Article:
Action on a global scale must be taken to curb the development of military killer robots that think for themselves, a leading British expert has said.
‘Terminator’-style machines that decide how, when and who to kill are just around the corner, warns Noel Sharkey, Professor of Artificial Intelligence and Robotics at the University of Sheffield.
Far from helping to reduce casualties, their use is likely to make conflict and war more common and lead to a major escalation in numbers of civilian deaths, he believes.
“I do think there should be some international discussion and arms control on these weapons but there's absolutely none,” said Prof Sharkey.
“The military have a strange view of artificial intelligence based on science fiction. The nub of it is that robots do not have the necessary discriminatory ability. They can't distinguish between combatants and civilians. It's hard enough for soldiers to do that.”
Iraq and Afghanistan have both provided ideal “showcases” for robot weapons, said Prof Sharkey.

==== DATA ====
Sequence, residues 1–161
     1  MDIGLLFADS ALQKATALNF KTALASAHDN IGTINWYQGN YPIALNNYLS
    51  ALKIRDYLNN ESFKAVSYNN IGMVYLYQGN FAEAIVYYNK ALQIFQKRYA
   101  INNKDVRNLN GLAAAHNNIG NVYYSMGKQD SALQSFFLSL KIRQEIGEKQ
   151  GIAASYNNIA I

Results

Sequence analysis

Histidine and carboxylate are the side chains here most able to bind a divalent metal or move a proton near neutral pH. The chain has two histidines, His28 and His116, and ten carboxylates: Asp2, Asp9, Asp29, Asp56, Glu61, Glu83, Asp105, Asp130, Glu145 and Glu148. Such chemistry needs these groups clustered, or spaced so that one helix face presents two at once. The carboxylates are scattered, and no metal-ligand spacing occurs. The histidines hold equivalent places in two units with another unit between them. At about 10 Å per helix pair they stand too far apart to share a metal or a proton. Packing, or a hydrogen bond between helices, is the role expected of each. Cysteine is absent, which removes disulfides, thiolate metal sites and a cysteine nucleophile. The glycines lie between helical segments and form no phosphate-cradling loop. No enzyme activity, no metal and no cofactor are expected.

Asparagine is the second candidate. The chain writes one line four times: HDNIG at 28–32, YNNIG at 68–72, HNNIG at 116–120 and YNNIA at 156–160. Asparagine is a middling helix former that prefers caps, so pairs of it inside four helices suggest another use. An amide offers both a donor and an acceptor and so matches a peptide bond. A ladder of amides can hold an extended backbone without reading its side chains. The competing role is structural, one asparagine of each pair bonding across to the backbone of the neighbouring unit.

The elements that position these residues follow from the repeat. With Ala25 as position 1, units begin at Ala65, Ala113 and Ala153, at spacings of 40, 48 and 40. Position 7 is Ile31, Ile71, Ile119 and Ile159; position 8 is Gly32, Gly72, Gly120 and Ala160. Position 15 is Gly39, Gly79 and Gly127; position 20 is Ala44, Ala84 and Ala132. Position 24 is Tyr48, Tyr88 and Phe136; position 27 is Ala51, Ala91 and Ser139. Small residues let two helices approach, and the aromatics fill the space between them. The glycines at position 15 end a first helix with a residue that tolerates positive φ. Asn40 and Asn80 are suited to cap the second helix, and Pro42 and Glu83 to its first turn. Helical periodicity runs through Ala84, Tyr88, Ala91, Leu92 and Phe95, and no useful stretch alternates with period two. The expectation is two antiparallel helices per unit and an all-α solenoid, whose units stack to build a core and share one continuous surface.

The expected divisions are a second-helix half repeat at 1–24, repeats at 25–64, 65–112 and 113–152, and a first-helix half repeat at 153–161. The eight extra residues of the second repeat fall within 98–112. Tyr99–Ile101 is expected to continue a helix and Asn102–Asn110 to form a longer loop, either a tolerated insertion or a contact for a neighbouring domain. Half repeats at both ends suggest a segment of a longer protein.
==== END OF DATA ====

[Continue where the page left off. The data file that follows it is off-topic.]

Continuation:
The ‘War on Terror’ declared by President George Bush spurred on the development of pilotless drone aircraft deployed against insurgents. Initially used for surveillance, drones such as the Predator and larger Reaper were armed with bombs and missiles.
At present these weapons are still operated remotely by humans sitting in front of computer screens. RAF pilots on secondment were among the more experienced controllers used by the US military, while others only had six weeks training, said Prof Sharkey. “If you're good at computer games, you're in,” he added.
“The next thing that's coming, and this is what really scares me, are armed autonomous robots,” said Prof Sharkey speaking to journalists in London. “The robot will do the killing itself.
“This will make decision making faster and allow one person to control many robots. A single soldier could initiate a large scale attack from the air and the ground.
“It could happen now; the technology's there.”